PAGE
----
New wearable, high-precision brain scanner allows for patients to move around

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A radical new wearable magneto encephalography (MEG) brain scanner under development at the University of Nottingham allows a patient to move around, instead of having to sit or lie still inside a massive scanner.

Currently, MEG scanners* weigh around 500 kilograms (about 1100 pounds) because they require bulky superconducting sensors refrigerated in a liquid helium dewar at -269°C. Patients must keep still — even a 5mm movement can ruin images of brain activity. That immobility severely limits the range of brain activities and experiences and makes the scanner unsuitable for children and many patients.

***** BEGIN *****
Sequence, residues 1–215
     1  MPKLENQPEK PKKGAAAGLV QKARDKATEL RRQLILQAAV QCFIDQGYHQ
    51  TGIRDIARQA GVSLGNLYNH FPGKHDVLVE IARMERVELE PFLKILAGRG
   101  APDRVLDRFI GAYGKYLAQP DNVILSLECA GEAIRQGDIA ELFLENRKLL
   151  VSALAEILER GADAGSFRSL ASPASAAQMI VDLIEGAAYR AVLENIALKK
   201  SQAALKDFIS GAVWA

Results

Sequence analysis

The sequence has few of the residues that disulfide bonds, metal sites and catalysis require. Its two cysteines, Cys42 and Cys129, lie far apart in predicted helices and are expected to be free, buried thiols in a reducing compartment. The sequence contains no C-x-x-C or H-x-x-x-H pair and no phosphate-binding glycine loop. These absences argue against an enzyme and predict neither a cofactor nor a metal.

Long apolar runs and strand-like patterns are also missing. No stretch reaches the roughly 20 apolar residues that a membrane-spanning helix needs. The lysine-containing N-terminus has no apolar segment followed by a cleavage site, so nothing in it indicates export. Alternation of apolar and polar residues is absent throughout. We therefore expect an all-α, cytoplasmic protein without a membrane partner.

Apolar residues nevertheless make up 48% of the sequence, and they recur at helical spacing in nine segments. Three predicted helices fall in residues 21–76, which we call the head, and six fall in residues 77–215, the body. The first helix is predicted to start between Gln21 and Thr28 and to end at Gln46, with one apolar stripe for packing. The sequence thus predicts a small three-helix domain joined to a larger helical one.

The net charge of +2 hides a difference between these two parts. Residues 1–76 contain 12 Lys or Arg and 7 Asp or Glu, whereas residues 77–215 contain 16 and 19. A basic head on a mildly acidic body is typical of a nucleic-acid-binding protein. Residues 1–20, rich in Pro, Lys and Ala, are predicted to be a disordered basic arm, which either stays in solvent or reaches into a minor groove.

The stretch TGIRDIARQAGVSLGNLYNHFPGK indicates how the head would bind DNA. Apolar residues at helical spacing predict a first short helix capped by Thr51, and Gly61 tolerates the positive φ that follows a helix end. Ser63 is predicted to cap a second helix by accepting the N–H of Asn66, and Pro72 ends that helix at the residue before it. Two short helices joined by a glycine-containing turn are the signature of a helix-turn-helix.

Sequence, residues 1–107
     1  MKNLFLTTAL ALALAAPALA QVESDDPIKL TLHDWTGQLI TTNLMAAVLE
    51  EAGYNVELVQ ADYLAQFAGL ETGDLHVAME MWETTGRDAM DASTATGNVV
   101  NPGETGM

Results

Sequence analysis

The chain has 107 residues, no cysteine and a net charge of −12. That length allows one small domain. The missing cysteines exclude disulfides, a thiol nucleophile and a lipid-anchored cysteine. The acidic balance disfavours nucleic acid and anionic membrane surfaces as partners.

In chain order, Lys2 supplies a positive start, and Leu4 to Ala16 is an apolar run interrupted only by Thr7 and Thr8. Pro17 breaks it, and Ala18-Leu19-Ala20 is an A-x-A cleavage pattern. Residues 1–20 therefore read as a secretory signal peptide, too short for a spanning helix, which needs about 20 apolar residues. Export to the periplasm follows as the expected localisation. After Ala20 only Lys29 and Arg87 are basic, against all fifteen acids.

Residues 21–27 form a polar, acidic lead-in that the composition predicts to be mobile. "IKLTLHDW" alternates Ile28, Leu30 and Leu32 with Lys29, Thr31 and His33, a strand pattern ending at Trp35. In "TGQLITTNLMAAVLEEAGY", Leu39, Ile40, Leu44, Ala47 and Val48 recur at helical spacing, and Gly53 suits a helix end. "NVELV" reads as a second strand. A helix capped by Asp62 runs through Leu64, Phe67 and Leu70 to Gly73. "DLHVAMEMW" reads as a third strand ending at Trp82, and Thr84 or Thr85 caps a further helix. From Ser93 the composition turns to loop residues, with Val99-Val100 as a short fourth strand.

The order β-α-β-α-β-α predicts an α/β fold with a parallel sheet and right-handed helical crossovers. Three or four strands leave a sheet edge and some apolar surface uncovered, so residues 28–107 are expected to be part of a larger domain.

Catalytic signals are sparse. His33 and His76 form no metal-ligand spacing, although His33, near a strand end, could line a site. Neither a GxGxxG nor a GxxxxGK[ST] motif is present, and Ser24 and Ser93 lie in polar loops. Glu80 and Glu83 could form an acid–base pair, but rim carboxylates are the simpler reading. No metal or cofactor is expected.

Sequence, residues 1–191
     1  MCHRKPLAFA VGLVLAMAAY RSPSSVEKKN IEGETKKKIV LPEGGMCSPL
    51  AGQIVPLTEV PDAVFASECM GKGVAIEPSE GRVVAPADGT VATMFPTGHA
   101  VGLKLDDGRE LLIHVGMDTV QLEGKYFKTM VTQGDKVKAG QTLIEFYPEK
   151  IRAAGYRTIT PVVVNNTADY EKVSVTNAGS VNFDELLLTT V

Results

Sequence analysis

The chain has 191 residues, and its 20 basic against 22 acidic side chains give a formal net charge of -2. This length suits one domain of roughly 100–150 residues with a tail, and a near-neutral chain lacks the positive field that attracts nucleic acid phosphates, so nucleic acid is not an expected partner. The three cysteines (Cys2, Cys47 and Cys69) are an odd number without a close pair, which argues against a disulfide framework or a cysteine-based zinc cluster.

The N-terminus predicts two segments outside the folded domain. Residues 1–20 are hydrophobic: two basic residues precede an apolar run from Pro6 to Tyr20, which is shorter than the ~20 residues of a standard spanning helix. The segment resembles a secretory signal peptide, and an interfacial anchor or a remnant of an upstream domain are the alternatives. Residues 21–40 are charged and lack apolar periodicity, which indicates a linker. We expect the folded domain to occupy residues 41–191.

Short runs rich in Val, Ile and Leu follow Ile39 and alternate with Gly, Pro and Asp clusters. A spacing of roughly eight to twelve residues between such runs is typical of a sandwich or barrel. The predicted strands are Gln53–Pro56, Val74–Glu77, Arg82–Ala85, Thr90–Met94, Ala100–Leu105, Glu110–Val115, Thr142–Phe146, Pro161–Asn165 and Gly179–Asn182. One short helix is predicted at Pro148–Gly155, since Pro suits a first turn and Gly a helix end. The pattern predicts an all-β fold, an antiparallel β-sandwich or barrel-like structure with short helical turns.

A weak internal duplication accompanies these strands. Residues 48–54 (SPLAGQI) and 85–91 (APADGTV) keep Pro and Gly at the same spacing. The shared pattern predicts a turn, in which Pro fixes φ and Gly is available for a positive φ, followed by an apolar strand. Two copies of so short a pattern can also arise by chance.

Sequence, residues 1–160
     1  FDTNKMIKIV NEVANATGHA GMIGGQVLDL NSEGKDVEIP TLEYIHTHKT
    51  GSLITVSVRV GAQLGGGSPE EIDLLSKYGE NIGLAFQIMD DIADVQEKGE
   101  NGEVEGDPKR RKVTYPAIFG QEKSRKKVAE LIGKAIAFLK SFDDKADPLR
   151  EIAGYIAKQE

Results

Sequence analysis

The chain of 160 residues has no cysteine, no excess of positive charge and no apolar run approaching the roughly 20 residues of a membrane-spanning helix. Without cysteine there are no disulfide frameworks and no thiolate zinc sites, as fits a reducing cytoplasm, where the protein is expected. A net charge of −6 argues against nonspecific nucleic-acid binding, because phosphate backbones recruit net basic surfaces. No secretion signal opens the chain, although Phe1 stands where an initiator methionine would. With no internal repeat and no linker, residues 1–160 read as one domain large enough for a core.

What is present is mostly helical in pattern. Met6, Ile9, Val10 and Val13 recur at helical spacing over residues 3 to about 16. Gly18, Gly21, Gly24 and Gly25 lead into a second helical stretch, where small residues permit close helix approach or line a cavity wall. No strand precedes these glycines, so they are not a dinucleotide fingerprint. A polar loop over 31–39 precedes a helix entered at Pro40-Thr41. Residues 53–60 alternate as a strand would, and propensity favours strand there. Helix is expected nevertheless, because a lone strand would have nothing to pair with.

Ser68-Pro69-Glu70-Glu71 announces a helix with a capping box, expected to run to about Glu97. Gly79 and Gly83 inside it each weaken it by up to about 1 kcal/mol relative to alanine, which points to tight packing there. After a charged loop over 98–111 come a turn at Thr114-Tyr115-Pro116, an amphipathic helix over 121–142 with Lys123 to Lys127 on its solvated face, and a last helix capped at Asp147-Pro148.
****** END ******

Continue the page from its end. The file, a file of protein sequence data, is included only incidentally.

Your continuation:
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The World is Running Out of Helium

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A helium balloon in the future could cost $100.

The world is running short on several metals, but perhaps more disconcerting is the impending loss of the noble helium. The stuff of birthday balloons, superconducting magnets and Mickey Mouse voices could get a lot more expensive in the near future, according to a Nobel Prize-winning scientist.

 

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